Dragon fruit derives its name from its bright-red skin covered in green scales, resembling a dragon as depicted in Chinese mythology. Various myths connect the fruit to dragons, including one that says it’s a gift from dragons.
There are several varieties of dragon fruit (Selenicereus undatus, formerly called Hylocereus) that come from the climbing cactus family, grown throughout tropical and subtropical regions. Both sweet and sour exist, but the most popular is the red-skin variety with its sweet white pulp dotted with black crunchy seeds. Other varieties have red or yellow pulp. Sometimes referred to as pitaya, they have a slightly sweet taste between those of kiwis and pears.
The high level of antioxidants in dragon fruit is one of its best nutritional characteristics. This makes the fruit anti-inflammatory, and it fights free radical damage in our bodies, which we are experiencing more of today because of environmental and lifestyle factors.
The accumulation of free radicals leads to cellular damage and oxidative stress, leading to accelerated aging and diseases such as cancer, cardiovascular disease, and neurodegenerative disorders such as Parkinson’s and Alzheimer’s.
Betacyanins (red pigment) and betaxanthins (yellow and white pigments) are responsible for the color of dragon fruit pulp. These pigments, called betalains, have antioxidant and anticancer properties.
Flavonoids are phytochemical compounds also found in dragon fruit. Along with the high level of vitamin C in this fruit, flavonoids enhance dragon fruit’s powerful antioxidant action.
Studies show that dragon fruit may help lower LDL cholesterol while improving HDL cholesterol. Dragon fruit peel contains pectin, which studies show may improve cholesterol metabolism and support normal blood pressure.
The tiny black seeds of this fruit are rich in omega-6 and omega-3 fatty acids, which are good for the heart and help lower cholesterol, thus reducing the risks of cardiovascular disease.
The high dietary fiber of dragon fruit is linked with a lower risk of cardiovascular disease.
Dragon fruit contains lycopene, a carotenoid related to beta-carotene that contributes to its red color. Studies show lycopene plays a significant role in preventing cancer. In combination with dragon fruit’s vitamin C, lycopene can potentially increase anticancer activity by inhibiting the growth and spread of tumor cells, particularly in breast cancer.
Magnesium is an essential mineral for brain health. Dragon fruit contains magnesium, which can help treat depression and boost brain function. Magnesium deficiency is found in neuromuscular and psychiatric conditions.
Dragon fruit’s high iron content, required for hemoglobin and red blood cell production, is also critical for brain oxygenation.
Diabetes and Weight
The connection between obesity and diabetes is well documented. The low calories, good fiber, and high water content of dragon fruit mean that it can help manage both of these conditions.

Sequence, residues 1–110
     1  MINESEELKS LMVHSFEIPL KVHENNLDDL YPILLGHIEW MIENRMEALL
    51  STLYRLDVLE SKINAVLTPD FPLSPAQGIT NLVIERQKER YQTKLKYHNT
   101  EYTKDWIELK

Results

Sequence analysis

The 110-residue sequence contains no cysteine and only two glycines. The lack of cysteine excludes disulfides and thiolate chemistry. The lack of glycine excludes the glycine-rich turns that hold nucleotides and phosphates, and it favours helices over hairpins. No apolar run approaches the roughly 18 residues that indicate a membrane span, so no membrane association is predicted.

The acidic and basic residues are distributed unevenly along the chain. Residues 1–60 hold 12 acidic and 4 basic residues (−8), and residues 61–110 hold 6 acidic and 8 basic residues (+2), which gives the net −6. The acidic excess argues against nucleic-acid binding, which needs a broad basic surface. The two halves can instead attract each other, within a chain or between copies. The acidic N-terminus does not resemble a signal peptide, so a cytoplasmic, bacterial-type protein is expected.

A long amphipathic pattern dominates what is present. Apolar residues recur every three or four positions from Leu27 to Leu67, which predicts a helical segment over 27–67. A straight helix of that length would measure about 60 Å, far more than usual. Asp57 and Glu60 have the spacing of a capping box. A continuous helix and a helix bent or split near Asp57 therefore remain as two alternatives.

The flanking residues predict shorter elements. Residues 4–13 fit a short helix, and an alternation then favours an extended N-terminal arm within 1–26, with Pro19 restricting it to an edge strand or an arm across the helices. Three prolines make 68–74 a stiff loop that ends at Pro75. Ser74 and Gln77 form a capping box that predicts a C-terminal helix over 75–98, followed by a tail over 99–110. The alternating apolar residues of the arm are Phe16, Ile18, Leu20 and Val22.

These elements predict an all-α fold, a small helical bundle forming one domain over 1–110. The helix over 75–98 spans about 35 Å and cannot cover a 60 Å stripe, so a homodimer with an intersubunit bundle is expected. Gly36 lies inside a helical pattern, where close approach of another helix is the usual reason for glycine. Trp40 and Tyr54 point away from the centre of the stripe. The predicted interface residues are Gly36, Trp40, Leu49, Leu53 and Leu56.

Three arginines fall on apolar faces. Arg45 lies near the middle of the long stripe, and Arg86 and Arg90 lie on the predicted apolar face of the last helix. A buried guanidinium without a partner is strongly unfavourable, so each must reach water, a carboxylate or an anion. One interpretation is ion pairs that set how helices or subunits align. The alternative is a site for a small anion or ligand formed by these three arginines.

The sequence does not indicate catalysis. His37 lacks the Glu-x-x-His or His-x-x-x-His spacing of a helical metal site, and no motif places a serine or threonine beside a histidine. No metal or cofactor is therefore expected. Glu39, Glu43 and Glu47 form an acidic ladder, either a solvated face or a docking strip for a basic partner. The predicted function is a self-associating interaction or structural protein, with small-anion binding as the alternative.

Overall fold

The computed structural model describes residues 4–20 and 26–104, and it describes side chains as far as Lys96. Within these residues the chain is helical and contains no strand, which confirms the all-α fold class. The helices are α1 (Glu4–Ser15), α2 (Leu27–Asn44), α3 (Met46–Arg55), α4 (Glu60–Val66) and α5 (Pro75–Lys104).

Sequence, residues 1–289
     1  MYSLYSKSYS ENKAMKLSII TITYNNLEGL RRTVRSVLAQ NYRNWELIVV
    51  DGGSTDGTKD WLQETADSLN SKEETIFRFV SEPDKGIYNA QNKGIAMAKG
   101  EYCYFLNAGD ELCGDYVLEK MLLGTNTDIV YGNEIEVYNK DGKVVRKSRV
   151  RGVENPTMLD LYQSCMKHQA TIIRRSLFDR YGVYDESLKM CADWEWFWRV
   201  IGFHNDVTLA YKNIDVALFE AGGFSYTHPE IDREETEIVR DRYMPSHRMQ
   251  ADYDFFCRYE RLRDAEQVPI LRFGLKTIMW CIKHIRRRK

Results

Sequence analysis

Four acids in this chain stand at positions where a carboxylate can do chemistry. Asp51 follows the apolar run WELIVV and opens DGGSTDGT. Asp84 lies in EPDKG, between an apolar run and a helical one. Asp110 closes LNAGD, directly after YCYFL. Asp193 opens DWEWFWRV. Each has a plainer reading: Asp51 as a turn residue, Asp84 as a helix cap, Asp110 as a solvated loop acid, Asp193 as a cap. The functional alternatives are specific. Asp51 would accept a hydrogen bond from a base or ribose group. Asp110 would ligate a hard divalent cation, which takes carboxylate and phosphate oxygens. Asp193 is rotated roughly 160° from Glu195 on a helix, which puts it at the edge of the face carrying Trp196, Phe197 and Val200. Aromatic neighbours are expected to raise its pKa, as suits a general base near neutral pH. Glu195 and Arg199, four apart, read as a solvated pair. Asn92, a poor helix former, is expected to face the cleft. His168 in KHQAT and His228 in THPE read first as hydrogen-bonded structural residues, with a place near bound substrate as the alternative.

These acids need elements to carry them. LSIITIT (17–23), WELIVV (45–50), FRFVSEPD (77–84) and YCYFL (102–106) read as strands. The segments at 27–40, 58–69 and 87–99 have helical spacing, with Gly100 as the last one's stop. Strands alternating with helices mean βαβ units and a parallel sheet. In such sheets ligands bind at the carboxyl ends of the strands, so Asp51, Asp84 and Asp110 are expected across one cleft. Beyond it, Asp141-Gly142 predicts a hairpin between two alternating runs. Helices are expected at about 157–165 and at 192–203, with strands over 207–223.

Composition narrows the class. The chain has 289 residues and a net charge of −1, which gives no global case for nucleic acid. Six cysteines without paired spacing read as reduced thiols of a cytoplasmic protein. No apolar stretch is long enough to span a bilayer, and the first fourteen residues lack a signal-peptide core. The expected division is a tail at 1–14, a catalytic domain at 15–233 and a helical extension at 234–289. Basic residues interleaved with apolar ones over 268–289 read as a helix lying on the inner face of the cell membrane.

Dragon fruit also has a hypoglycemic property that can help regulate blood glucose levels. One study showed that as the amount of dragon fruit consumed increased, blood sugar levels decreased, suggesting a potential for therapeutic use.
A study using mice on a high-fat diet showed they gained less weight and had reductions in liver fat, insulin resistance, and inflammation when given dragon fruit extract. Another study on mice found that the betacyanins in red dragon fruit reduced insulin resistance and prevented obesity by regulating the growth of beneficial gut bacteria.
Both the red and yellow dragon fruits are natural laxatives. Their high fiber content helps in stool formation and excretion. The prebiotic oligosaccharides in dragon fruit help increase good gut bacteria, especially in the colon. These aid digestion and help prevent obesity, cancer, cardiovascular disease, and degenerative conditions.
The skin-nourishing properties of dragon fruit come from its rich antioxidants. These can help treat sunburn, dry skin, and acne. Its vitamin C content assists the growth of collagen and connective tissue, preventing and speeding up the healing of bruises and wounds. Its high water content is suitable for hydrating dry skin.
A face mask made from pulp mixed with yogurt and applied for 20 minutes can help improve skin health. The mashed pulp can ease sunburn and acne.
Beta-carotene, lycopene, and vitamins A and C are all essential for good eye health. According to the Eye Clinic of London, these compounds improve vision by protecting the cornea and reducing the risk of cataracts and macular degeneration.
Dragon fruit is high in calcium, magnesium, and phosphorus, contributing to stronger bones and good bone health.
Tips for Eating Dragon Fruit
Despite its appearance, dragon fruit is very easy to eat.
- Select a ripe, bright fruit with evenly colored skin.
- Use a sharp knife to cut the fruit in half.
- Use a spoon to scrape out the pulp, or peel the skin and slice the pulp.
- Use in any number of ways, including in smoothies, fruit salads, and salsa.